The history on Vancouver Island’s west coast is so rich, we barely scratched the surface. I promised myself to come back again and one day spend an entire summer exploring this marvellous coast.
But once again, the schedule of rigid sail training and yet another keen group of sailors awaiting us in Victoria forced us to leave and sail south. Just as we entered the Juan de Fuca Strait shortly before sunset, a pod of maybe a dozen humpback whales approached us. They came within less than a boat length of us and we had to manoeuvre to avoid being in their path. I have sailed these waters many times, but never have I seen whales this close.
The colossal mammals are graceful when slicing through the water, raising their flukes before diving below the surface without the smallest splash. A fitting last night at sea before the sun set again and we sailed under a starlit sky southeast in the Juan the Fuca Strait — more worried about avoiding deepsea vessels than the odd humpback whale.
Perfect timing again, we sailed through Race Passage, a gentle breeze on our stern, spinnaker up and entered Victoria Harbour two hours later.
Another fantastic cruise came to an end, leaving the crew and their skipper with memories that, I hope, last a lifetime.
Check out the YouTube link here.
Christof Marti is the owner of Simply Sailing School in Vancouver (simplysailing.ca) and is a director on the Board of BC Sailing. Trained as an engineer and with an MBA in finance, Christof is also a qualified sailing instructor and a certified Yachtmaster. He will be filing reports from B.C.'s coastal waters over the season.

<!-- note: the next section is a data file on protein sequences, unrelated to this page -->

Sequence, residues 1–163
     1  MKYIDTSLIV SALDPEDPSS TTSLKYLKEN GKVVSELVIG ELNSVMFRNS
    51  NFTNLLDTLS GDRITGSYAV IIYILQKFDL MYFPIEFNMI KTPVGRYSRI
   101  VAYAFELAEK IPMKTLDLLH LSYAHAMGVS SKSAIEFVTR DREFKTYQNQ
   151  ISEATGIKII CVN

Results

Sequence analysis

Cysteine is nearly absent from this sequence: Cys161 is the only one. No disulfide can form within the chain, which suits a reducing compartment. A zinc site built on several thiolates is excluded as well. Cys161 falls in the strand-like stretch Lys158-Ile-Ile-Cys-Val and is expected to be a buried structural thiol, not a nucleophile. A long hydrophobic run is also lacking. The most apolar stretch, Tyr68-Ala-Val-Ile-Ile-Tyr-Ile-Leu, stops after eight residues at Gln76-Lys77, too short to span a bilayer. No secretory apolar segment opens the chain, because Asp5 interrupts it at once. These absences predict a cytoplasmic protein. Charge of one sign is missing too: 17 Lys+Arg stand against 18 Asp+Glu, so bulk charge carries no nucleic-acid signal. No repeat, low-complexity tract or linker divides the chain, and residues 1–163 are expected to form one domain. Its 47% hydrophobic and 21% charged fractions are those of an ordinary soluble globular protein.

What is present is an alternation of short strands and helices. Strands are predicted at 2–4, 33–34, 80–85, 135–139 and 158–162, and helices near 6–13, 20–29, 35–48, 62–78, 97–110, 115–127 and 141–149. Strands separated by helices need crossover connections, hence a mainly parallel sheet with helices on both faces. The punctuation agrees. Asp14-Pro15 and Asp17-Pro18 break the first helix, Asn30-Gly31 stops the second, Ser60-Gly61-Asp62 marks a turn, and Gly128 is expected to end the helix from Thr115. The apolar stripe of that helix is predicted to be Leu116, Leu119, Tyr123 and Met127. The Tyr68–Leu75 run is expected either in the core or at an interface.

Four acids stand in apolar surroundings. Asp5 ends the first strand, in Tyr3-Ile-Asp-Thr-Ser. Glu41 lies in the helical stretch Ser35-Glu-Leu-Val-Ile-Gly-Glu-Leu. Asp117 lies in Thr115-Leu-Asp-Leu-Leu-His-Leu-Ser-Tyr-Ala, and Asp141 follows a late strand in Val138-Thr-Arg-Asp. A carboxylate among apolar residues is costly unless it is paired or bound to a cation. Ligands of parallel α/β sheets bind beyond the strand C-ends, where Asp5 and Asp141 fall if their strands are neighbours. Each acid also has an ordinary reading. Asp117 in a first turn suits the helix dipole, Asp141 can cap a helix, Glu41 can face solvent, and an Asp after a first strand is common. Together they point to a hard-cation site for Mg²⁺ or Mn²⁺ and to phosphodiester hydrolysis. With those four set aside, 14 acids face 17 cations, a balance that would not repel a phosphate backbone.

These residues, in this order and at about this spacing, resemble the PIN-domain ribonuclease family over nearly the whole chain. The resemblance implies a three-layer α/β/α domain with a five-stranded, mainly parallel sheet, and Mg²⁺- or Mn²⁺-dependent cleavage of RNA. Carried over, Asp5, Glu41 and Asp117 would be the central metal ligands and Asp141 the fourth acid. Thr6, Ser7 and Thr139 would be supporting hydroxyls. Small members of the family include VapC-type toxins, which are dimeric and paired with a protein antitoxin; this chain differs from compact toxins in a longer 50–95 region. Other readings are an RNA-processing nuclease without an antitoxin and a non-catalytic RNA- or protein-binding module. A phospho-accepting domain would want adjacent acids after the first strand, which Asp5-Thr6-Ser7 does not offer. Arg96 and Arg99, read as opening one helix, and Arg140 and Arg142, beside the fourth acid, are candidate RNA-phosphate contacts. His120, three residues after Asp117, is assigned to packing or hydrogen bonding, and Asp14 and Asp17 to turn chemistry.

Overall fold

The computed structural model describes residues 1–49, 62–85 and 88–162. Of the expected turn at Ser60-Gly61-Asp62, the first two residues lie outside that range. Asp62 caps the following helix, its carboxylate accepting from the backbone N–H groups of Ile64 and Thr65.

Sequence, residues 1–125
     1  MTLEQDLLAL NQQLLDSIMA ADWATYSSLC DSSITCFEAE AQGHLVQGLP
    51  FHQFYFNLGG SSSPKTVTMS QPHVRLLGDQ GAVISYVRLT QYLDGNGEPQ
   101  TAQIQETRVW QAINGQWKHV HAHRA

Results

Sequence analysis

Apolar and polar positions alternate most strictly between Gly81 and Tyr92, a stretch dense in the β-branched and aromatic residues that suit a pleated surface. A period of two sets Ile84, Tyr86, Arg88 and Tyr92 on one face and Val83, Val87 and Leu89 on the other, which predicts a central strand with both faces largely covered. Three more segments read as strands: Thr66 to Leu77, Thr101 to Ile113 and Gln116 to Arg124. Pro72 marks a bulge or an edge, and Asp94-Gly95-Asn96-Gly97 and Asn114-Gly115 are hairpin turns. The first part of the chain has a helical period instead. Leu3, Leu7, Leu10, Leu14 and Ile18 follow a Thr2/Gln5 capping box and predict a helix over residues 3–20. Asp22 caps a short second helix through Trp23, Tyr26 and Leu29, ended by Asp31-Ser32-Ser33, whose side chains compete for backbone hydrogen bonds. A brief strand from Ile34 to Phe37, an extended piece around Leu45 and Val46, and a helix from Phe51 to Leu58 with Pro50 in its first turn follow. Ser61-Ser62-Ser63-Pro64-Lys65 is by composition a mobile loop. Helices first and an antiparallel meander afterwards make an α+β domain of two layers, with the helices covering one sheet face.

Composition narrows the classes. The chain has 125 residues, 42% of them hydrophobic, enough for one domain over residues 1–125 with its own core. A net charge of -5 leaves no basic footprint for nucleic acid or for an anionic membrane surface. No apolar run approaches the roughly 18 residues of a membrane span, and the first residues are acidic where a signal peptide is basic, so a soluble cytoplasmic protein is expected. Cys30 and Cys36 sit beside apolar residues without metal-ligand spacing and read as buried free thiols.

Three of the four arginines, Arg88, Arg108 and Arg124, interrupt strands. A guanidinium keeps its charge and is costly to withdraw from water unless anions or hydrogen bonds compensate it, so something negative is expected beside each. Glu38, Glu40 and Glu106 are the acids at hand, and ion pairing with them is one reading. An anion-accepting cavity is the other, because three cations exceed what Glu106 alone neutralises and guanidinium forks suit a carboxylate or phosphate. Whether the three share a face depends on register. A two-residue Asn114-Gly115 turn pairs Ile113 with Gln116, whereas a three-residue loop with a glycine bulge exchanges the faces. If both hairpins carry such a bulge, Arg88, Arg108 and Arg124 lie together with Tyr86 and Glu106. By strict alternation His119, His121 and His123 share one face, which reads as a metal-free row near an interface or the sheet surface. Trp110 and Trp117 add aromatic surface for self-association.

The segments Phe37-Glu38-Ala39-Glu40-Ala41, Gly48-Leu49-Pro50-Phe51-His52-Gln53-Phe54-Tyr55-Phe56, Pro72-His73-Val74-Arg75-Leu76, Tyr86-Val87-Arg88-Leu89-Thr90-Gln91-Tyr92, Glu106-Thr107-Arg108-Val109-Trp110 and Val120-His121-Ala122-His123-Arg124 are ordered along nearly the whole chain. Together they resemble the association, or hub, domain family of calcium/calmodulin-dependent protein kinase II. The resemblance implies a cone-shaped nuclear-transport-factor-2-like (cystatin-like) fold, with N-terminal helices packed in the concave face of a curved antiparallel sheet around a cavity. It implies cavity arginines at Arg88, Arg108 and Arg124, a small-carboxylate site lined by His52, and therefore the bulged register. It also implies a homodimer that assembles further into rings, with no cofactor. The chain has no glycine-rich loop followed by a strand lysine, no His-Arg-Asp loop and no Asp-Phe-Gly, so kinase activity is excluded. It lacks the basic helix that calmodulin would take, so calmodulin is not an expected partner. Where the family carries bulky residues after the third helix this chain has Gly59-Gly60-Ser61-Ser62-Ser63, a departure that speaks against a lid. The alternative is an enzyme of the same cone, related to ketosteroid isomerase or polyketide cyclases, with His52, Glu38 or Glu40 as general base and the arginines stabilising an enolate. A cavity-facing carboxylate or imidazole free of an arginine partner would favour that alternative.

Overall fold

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Hair-raising, but sailboat performs beautifully
Sailing across oceans, exploring exotic islands and living a life away from the daily grind is the dream of many. A couple who I met through sail training two years ago bought a boat in Europe and got one step closer to this dream.
Over the last year, they meticulously prepared their boat Shanty to get her ready for a delivery across the Atlantic to the Canary Islands.
Last month, the owners and I met in Portimao, a sleepy town in Portugal’s Algarve region. The Algarve is famous for its rugged coast and steep cliffs. Wind and waves relentlessly chisel away the sandstone leaving a jagged coastline, towering cliffs and free standing rock formations.
Portimao itself is probably best left out of any travel itinerary. It’s a town full of German and English retirees and clearly a victim of the unchecked construction boom in the ’80s and ’90s. In anticipation of our big adventure, I overlooked the sterile condo developments and unfinished apartment buildings that were abandoned by their developers years ago during the economic downturn.
The marina, on the other hand, is a new development; full of big, shiny boats. The Shanty was probably one of the smallest boats around, but very seaworthy. We spent the last day checking out the boat thoroughly. Climbing the mast for a last inspection of the rig, checking all engine systems, loading the boat with food, water and diesel; these chores are part of any offshore passage.
We left the marina and headed out into the Gulf of Cádiz. The wind was light, but there was a swell as a result from a low-pressure system farther offshore.
We steered southwest seeking more wind. The line between Cabo San Vincente on the southwest corner of Portugal and Gran Canaria divided the zones of wind and no wind. The problem was that the line between calm and gale force winds was very fine. I have been watching the weather for weeks and there seemed to be pattern of low-pressure systems coming towards Lisbon, generating favourable but strong winds along our path.
The winds picked up to a pleasant breeze during the first night and we turned the boat south towards our destination of Lanzarote in the Canary Islands. To our joy, the cloud cover broke and we sailed under a starlit sky.
As we had some issues with our communication system to get up-to-date weather information, we had a friend giving us updates over a satellite-based text-messaging system. This worked like a charm.